â€œThis isnâ€™t really surprising. Each line has different issues, but they donâ€™t generate enough ridership to warrant the expense at his point.â€
Rogers backs going ahead with the study of the two remaining lines.
â€œMany people in eastern Jackson County have been pushing for rail for a long time,â€ she wrote in her e-mail.
But she wonders about the future of commuter rail.
â€œKansas City needs a comprehensive transit system, but since four of the six commuter routes originally envisioned by the plan are not being pursued at this point, this may not be the solution,â€ she said.
Planners at MARC stressed that their study doesnâ€™t stop here. They want to continue to evaluate all six corridors for different types of mass transportation â€” including buses â€” in the future.
Sanders said he hopes that rail can be in place more quickly than the normal federal timeline would dictate. But the region wonâ€™t be prepared to act on any new appropriations if it doesnâ€™t begin that federal process.
Commuter rail, he added, is but a piece of the areaâ€™s transit puzzle. Streetcars, light rail, bus rapid transit and other buses will need to be part of an overall plan.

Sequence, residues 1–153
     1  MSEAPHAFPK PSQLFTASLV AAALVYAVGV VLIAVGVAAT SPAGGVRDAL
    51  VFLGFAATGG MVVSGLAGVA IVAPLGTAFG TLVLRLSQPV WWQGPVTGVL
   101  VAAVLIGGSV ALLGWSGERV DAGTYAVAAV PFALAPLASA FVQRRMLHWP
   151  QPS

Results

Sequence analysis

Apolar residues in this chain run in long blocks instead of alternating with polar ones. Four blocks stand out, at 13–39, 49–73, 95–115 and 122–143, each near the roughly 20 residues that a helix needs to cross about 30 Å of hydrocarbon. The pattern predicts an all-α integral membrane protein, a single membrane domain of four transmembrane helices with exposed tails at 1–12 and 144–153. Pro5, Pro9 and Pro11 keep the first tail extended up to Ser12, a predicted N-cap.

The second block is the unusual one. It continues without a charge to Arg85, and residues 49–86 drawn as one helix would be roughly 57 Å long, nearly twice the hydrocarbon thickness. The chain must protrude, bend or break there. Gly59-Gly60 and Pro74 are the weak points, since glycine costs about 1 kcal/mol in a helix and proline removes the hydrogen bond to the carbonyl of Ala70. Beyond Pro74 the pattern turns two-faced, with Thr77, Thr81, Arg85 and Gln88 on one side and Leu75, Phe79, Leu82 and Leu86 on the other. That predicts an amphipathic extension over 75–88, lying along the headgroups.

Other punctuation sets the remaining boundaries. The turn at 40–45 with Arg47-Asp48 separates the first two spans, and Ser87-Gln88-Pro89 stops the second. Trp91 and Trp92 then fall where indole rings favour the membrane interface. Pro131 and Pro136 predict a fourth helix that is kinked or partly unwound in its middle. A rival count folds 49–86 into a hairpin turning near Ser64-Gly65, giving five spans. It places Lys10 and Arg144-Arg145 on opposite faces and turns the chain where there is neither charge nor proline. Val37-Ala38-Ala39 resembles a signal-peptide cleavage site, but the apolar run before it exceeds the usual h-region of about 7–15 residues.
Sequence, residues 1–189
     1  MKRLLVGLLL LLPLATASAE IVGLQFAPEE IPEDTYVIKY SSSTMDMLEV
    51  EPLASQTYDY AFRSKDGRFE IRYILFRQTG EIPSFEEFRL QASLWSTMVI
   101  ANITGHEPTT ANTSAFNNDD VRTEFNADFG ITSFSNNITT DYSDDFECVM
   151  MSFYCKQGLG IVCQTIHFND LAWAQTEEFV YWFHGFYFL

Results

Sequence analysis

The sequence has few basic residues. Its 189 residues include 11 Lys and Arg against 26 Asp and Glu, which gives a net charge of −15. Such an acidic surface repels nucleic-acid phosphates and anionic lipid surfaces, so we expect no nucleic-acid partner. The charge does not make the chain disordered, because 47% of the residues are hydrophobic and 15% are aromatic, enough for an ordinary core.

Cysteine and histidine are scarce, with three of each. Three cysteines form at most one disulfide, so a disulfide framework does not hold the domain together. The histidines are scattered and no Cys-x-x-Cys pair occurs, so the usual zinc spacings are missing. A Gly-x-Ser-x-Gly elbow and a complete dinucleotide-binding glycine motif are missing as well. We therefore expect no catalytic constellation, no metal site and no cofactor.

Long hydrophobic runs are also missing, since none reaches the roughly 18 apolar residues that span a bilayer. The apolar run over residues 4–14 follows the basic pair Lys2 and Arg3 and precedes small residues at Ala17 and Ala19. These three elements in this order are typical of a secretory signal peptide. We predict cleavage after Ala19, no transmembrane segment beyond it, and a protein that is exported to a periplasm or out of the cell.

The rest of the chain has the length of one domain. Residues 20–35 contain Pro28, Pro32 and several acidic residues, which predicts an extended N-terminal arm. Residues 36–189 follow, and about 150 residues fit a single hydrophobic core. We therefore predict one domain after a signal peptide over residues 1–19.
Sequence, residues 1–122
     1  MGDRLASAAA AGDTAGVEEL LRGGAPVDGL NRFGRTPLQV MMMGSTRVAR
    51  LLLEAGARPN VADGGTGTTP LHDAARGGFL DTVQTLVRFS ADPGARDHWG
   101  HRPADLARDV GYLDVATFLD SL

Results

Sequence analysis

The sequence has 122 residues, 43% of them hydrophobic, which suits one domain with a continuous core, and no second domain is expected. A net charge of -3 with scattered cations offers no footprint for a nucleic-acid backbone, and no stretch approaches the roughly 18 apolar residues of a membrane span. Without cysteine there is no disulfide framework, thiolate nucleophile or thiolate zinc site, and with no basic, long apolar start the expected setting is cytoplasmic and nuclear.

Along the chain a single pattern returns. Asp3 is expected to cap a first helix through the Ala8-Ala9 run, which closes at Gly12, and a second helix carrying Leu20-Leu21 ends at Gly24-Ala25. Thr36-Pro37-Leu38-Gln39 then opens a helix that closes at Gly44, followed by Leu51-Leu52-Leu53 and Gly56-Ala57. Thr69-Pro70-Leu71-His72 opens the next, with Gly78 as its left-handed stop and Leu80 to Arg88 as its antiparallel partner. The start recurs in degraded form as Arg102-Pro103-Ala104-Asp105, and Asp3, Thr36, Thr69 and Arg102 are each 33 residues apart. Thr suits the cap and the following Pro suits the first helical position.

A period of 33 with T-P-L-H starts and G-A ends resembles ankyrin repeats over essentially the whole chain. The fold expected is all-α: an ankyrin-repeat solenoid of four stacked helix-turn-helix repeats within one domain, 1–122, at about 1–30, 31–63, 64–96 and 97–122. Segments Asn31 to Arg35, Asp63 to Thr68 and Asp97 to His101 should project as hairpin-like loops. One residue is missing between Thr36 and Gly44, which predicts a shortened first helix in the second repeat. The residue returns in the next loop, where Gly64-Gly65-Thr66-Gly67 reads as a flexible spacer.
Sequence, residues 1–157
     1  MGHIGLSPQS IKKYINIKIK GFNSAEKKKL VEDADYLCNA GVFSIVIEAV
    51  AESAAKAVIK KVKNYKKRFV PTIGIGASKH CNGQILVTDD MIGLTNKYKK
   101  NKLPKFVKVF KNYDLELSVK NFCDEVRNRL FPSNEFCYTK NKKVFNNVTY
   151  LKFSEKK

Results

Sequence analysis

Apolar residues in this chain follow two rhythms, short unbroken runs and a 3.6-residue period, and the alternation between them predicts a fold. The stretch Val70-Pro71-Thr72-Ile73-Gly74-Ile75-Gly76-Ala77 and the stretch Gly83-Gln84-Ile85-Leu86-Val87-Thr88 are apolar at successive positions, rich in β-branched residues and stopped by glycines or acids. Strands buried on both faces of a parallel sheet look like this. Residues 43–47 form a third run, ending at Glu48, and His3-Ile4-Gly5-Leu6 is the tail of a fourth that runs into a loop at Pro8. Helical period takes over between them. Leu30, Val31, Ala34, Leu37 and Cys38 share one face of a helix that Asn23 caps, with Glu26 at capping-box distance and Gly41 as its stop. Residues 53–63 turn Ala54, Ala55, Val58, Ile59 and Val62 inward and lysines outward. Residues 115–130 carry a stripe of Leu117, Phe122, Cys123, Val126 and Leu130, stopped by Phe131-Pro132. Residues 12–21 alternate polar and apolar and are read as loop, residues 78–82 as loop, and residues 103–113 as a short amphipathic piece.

The consultants pinpointed short-term deficiencies of the commuter rail plan, including:
â€¢Preliminary traffic models show that in many cases, traveling by car in 30 years would still be as fast or faster than taking a commuter train from the suburbs into downtown.
â€¢About 36 percent of the land needed for the entire plan still needs to be bought. Extensive land purchases would be required along U.S. 71 to Grandview and along Interstate 29 to the airport.
â€¢Some areas that would be served with rail suffer from low concentrations of people, namely the route along I-35 to Liberty.
The most recognized supporter of light rail in Kansas City â€” Clay Chastain â€” continues to push for his latest plan for rail transit. The main difference between the two is that Chastainâ€™s plan contains a light rail spine that cuts down the Main Street corridor to KCI.
At a recent meeting of the board of the Kansas City Area Transportation Authority, Chastain proposed merging elements of his plan with Sandersâ€™ plan.
â€œEveryone says, â€˜Why canâ€™t we get together and fuse elements of these plans?â€™?â€ Chastain said.
In a statement, Sandersâ€™ top aide, Calvin Williford, said the county is working on a regional solution in accordance with federal rules.
â€œWeâ€™ve yet to see from Mr. Chastain any attempt to comply with federal funding guidelines and criteria,â€ Williford said. â€œThereâ€™s no connection between what weâ€™re doing and what heâ€™s doing.â€
The new MARC-led study of the two most promising commuter routes, which could take a year or two, also will include a look at streetcars â€” which are slower and less costly than traditional light rail â€” in the Main Street corridor.
Sanders said he supports this because commuter rail passengers will have to get from Union Station to other key locations in the central city.
He noted that the recent award of federal transit funds to several other cities for new streetcar lines is more evidence that Kansas City must push forward on transit.
â€œWeâ€™ve got to position ourselves so that there are no longer dollars going everywhere but here,â€ he said.